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Barn and Shed Installation

No Need for Traditional Insulation

On a non-conditioned building, there really is nothing better than a radiant barrier to control the heat gain. Structures like sheds, carports and barns can all benefit greatly by adding a layer of radiant barrier near the roof line and any sun-catching walls to keep the heat out.


On a non-conditioned building, traditional insulation is not necessary. The goal is NOT to make the structure airtight in order to keep cold (or hot) air inside of it; the building is vented, so it can’t be airtight. Therefore, the most realistic expectations you can have for a building that you are not heating or cooling, is to get it at (or close to), outside air temperature (also known as ambient air temperature). Getting the air temperature lowered is largely relative to the amount of ventilation you have going through the structure. However, keeping the inside of a metal structure at or near ambient temperature is practically impossible if you do not have a radiant barrier. The radiant barrier will work to reduce the surface temperatures, and the ventilation to help bring the air temperatures down.



The main problem with heat gain in a metal building is that it will absorb so much radiant heat that the inside temperatures will far exceed the outside temperatures. The simple solution to this is a radiant barrier; it will essentially act like shade. Reflecting 97% of that radiant heat out of the structure is the key to a comfortable space, even without conditioning it. We have many customers who have used radiant barrier on garages, barns, carports, airplane hangars, work sheds, warehouses etc. with great results in comfort.


How to Install

Ceiling/Roof: It’s important to remind yourself that structures under this category are just that: structures. This means they will not feel or operate like conditioned or living structures; they will be hotter/cooler than a home/office space and they’ll also likely be wetter, and that’s ok. That being said, the goal for these types of buildings is to take the edge of the continual heat gain in the hot months and to help temper the chill in the colder months.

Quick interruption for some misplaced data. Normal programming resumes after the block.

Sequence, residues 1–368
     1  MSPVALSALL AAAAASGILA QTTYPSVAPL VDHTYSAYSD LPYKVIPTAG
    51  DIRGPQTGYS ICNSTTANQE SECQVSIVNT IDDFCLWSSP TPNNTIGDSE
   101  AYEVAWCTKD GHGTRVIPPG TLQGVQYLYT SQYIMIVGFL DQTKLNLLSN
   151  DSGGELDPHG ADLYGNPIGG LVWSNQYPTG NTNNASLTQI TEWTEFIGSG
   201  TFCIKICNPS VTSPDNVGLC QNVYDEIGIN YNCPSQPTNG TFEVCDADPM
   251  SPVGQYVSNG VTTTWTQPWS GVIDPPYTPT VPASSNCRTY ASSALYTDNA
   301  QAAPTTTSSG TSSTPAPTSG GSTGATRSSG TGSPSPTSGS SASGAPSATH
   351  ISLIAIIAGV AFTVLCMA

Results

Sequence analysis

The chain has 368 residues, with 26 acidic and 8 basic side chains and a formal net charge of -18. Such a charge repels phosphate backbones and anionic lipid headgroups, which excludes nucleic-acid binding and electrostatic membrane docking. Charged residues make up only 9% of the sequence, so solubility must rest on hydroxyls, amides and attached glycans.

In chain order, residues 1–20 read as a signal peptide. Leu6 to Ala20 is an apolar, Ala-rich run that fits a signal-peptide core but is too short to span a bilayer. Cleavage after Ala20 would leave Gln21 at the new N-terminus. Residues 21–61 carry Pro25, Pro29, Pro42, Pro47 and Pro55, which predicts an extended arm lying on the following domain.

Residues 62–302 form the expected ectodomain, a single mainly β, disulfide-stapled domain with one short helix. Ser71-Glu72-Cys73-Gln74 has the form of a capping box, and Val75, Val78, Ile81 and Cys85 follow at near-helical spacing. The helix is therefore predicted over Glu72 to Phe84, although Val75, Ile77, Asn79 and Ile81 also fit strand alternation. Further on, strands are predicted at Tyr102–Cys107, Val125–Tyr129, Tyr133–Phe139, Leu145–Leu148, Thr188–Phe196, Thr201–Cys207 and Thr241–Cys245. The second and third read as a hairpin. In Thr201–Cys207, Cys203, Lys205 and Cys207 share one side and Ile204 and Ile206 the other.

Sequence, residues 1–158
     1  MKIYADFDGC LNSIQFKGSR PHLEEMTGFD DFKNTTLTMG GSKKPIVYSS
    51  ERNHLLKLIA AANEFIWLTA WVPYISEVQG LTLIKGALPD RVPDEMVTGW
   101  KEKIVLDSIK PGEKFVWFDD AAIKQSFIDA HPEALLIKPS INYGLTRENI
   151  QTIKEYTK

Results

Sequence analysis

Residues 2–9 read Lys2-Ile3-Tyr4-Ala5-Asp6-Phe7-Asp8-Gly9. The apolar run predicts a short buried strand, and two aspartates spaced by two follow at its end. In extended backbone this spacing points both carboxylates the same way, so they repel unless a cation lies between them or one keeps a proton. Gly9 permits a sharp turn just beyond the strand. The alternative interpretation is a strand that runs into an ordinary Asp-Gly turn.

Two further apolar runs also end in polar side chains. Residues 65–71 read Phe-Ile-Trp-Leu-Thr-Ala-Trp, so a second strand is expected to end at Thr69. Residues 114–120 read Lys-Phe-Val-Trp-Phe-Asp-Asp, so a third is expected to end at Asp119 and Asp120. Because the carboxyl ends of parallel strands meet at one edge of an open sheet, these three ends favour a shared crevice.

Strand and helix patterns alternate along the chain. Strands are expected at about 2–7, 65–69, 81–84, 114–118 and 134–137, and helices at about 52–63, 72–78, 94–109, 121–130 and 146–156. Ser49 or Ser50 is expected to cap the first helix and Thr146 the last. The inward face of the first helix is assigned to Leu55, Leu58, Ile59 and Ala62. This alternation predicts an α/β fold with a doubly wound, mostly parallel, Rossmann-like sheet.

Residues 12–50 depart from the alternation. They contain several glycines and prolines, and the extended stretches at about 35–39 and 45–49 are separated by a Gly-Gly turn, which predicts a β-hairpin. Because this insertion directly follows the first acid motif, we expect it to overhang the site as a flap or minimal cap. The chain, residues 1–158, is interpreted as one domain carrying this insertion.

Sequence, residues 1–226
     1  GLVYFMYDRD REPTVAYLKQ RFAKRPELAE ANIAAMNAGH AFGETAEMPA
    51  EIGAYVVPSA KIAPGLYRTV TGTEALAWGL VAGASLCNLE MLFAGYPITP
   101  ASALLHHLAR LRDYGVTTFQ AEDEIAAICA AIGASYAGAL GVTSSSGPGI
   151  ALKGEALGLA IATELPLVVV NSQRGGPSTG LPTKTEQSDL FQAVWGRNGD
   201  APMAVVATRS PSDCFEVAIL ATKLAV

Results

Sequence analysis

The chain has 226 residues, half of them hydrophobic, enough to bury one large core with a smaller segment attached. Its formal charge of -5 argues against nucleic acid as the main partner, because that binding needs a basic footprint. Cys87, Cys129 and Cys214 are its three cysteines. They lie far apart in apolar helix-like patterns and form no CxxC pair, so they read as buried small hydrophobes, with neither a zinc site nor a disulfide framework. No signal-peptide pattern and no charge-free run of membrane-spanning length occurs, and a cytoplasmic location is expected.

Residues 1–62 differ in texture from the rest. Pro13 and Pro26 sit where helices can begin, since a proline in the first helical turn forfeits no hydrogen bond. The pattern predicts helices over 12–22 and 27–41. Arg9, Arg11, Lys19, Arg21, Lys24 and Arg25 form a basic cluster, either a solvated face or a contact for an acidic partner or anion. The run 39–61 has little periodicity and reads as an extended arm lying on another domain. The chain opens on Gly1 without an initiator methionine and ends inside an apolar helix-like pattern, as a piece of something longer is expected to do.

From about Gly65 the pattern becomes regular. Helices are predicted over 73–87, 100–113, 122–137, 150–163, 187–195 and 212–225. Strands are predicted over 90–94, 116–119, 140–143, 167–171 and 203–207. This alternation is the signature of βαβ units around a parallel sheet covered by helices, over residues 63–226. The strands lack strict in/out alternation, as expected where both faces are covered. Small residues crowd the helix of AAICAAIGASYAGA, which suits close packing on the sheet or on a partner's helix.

Like most installs of this nature, getting the WareHouseFoil™ closest to the roof line will bring about the best overall results, specifically for hot climates. If you’re doing new construction, the video above will give you some good ideas of how to approach that. If you are retrofitting an existing structure, then you have a couple of options, depending on what the structure is made of.


How to Install on Wood Framed Metal Buildings OR How to Install on Metal Framed Buildings


Simply put – get a layer of foil somewhere below the roof line but above the work space. The foil will will work so that most of the heat that would normally come off the building into the space below the roof line will instead be reflected back out because of the WareHouseFoil™. Remember to leave some gaps or breaks in the install so that airflow can still move around the area as if the foil wasn’t there. More info on proper ventilation here: Basics of Ventilation in Non-Conditioned Buildings.


Walls: If you install the foil on walls catching direct sunlight, it is best to have the foil closest to the outside layer as possible, while still maintaining an air space on one side of the foil. This way it will block the heat at the entry point, rather than letting it travel though all the siding materials. Unfortunately, there are so many different type of construction methods, we cannot cover every type of building type. You might have to get creative on how to install the WarehouseFoil™.